The saws have other differences as well. The catalog and example saw’s blades have a rounded heel profile, while my saw’s is straight. In my experience, a straight heel profile usually means an older saw. All three saws have a similar etch that is a little fancier than the etches found on any other Peace saw model. But my saw’s etch has additional words compared to the saw in the catalog drawing or compared to a picture Josh posted of the etch of the example saw. I am posting a picture of that saw’s etch here because it is a much stronger etch than found on my saw, which is only partially readable.

Photo: Etch from the Peace No. 48 saw found on the hyperkitten website. My etch is identical except with additional wording below.

The additional words on my etch are directly beneath the words “Patent Ground”. They are hard to read because they are so faint. As best as I can decipher them, they say something like this:

This statement is very similar to language some other tool makers of that period either placed on their tools or stated in their literature, such as Sargent, Richardson Brothers, and C.E. Jennings.

The differences between my No. 48 and the No. 48 shown in the 1884 catalog, as well as the one known example that is identical to the catalog, make me wonder just what is the story behind my saw. I’ll discuss that more in the Conclusion, but first let me finish the restoration story.

I’ll not go into detail on the restoration procedures because I’ve talked about the techniques of saw restoration in other articles and forum posts. Briefly, though, the blade was cleaned up with appropriate abrasives while carefully protecting the etch as much as possible. The etch is weak on this saw, and though I would have liked to clean it further, doing so would have risked losing the etch entirely. The saw was then sharpened crosscut at 10 ppi which is the original pitch as stamped on the saw’s heel. The residual varnish was scraped from the handle, the wood was cleaned, and repairs were made to the upper horn and lamb’s tongue with scraps of apple wood. The handle was then sanded and multiple coats of finish were applied. Two new cone nut screws were made from brass rod, but the original nuts for those screws were saved. The remaining screws were straightened as needed and made ready for reuse. The saw was reassembled and now appears as shown in these photos.

Photo: I would have liked to clean up the etch a little more, but I could see I would lose it if I went further.


What, exactly, my saw is remains somewhat of a mystery to me. I’ve searched the internet extensively for other examples like mine and come up empty. I do believe my saw is original; nevertheless, it is different than the one known example of a Harvey W. Peace No. 48 and the drawing of that saw in the 1884 catalog. I’ve considered these possibilities for my saw:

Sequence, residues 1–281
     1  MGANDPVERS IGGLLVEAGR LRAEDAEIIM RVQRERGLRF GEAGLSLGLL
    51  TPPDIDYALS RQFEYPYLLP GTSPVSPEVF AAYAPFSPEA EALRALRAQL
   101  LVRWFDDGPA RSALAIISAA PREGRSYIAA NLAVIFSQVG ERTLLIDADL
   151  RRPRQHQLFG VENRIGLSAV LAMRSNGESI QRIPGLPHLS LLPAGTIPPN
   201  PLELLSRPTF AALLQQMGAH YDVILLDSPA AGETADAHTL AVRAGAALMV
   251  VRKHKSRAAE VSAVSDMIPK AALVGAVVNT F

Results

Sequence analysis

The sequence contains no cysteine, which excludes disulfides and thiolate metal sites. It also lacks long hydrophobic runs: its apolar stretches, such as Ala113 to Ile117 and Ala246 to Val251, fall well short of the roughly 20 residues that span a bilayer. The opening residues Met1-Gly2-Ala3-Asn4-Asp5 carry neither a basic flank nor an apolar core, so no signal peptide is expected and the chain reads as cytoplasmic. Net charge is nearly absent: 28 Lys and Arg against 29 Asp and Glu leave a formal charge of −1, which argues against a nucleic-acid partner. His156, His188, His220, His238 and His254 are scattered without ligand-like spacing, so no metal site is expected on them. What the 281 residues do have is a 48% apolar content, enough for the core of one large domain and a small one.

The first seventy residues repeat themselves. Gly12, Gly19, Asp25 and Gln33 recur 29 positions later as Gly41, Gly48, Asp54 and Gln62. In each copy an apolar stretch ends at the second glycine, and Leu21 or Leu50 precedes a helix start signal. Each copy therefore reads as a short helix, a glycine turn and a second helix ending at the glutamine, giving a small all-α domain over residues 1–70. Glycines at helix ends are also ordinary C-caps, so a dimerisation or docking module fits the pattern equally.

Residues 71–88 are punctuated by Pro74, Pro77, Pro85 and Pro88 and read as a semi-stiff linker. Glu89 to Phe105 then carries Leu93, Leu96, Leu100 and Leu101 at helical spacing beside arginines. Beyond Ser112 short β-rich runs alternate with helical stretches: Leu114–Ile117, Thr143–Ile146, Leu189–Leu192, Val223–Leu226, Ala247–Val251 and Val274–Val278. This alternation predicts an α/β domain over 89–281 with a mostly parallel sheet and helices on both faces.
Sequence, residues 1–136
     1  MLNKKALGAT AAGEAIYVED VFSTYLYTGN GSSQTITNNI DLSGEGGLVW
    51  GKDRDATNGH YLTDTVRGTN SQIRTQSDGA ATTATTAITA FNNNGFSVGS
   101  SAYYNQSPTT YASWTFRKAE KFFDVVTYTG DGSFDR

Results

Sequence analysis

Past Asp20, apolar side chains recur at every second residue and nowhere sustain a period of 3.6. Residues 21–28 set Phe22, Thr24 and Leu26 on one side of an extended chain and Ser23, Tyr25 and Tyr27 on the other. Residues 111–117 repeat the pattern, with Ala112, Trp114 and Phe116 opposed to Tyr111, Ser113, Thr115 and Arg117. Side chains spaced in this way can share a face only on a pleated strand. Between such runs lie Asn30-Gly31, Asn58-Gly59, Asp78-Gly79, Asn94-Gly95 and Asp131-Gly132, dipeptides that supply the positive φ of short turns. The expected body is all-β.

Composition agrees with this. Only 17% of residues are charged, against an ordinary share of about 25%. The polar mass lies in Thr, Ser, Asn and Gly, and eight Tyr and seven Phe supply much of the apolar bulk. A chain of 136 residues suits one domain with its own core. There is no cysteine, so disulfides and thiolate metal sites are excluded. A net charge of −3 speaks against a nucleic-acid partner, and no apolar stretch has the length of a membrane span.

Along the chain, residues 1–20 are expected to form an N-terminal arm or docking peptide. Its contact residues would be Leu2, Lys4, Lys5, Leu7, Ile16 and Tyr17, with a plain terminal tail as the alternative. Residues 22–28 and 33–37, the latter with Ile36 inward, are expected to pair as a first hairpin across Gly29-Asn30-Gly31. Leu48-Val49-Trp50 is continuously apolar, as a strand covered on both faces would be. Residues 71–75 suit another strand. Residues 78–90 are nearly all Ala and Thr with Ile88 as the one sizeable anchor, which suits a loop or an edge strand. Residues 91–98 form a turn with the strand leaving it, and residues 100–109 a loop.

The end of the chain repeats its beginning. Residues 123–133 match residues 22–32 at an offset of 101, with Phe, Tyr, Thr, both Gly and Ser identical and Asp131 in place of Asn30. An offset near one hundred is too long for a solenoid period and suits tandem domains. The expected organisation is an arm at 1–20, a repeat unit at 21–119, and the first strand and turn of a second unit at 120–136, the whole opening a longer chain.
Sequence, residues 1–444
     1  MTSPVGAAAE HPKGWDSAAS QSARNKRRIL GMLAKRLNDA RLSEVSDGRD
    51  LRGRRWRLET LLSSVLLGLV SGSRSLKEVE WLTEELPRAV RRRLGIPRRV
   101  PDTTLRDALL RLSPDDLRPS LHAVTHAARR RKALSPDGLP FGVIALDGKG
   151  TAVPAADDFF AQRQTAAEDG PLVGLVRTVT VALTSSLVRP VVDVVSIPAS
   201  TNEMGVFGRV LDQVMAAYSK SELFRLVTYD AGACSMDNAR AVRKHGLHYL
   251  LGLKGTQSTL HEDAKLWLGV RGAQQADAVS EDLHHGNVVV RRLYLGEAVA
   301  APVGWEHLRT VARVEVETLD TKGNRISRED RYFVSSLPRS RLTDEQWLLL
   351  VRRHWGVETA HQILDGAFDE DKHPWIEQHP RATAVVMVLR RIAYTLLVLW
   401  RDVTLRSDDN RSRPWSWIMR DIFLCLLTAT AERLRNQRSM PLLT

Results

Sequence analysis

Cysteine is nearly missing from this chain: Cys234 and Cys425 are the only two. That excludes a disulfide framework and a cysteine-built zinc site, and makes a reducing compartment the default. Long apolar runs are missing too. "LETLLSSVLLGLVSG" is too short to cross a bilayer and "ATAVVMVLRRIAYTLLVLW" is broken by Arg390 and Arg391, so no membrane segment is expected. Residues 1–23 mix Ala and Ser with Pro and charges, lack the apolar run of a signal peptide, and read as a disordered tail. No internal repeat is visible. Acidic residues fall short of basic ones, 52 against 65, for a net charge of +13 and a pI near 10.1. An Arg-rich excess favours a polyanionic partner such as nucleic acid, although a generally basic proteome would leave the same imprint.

- It could be a one-off saw made for some special purpose by Vulcan Saw Works.
- It could be an early prototype of the model No. 48.
- It could be the way the No. 48 was made during the early days of its production, and production was so limited that no other known survivors exist.

Production of the No. 48 must never have been great to begin with, since there are so few known examples.

If anyone reading this has additional information that may be helpful to solving this mystery, please leave a comment to that effect. I’ll update this article if more information becomes known.

Thanks for reading.

-- Bob, Missoula, MT -- Rocky Mountain Saw Works -- ~Non multa sed multum~

12 comments so far

View Andre's profile


5296 posts in 3303 days

#1 posted 01-07-2019 10:12 PM

Very nice restoration, have to look more carefully at them folk art saws?

-- Lifting one end of the plank.

View Don W's profile

Don W

20443 posts in 4064 days

#2 posted 01-07-2019 10:43 PM

Nice write up Bob. And a very nice saw.

-- - Collecting is an investment in the past, and the future.

View theoldfart's profile


13159 posts in 3948 days

#3 posted 01-07-2019 11:43 PM

Fine restoration and research Bob.

-- "With every tool obtained, there is another that is needed" DonW ( Kevin )

View duckmilk's profile


5212 posts in 2821 days

#4 posted 01-08-2019 01:09 AM

Great find Bob, and very nice restoration. I enjoyed reading the sleuthing you did.

-- "Duck and Bob would be out doin some farming with funny hats on." chrisstef

View Dave Polaschek's profile

Dave Polaschek

10525 posts in 2079 days

#5 posted 01-08-2019 02:16 AM

Thanks for the essay, Bob. Interesting sleuthing!

-- Dave - Santa Fe

View sras's profile (online now)


6722 posts in 4626 days

#6 posted 01-08-2019 03:53 AM

Thanks for a fun story!

-- Steve - Impatience is Expensive

View Smitty_Cabinetshop's profile


17834 posts in 4115 days

#7 posted 01-08-2019 05:44 AM

Great story, teriffic restore. Very nice!

-- Don't anthropomorphize your handplanes. They hate it when you do that. - OldTools Archive -

View theoldfart's profile


13159 posts in 3948 days

#8 posted 01-09-2019 07:18 PM

^ Flagged as spam

-- "With every tool obtained, there is another that is needed" DonW ( Kevin )

View Don W's profile

Don W

20443 posts in 4064 days

#9 posted 01-09-2019 09:50 PM

^ Flagged as spam

- theoldfart

Smitty, Spam?? :-)

-- - Collecting is an investment in the past, and the future.

View theoldfart's profile


13159 posts in 3948 days

#10 posted 01-09-2019 10:26 PM

Good, she got him. Smitty is classy vintage spam, he can stay.

-- "With every tool obtained, there is another that is needed" DonW ( Kevin )

View Brandon 's profile


63 posts in 1324 days

#11 posted 01-12-2019 07:19 AM

Could the saw have been drilled out and the cone nuts installed sometime through out its life???

View summerfi's profile


4385 posts in 3184 days

#12 posted 01-12-2019 03:36 PM

Brandon, I considered that possibility, but the pattern of holes in the plate don’t match the hole pattern in a normal Peace No. 48. If it had been drilled out, there would be extra holes.

-- Bob, Missoula, MT -- Rocky Mountain Saw Works -- ~Non multa sed multum~